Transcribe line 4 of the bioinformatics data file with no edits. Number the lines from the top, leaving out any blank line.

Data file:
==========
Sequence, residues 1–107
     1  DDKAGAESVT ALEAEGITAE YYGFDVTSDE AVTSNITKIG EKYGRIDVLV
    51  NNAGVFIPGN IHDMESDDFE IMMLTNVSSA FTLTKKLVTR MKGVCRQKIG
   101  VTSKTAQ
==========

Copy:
   101  VTSKTAQ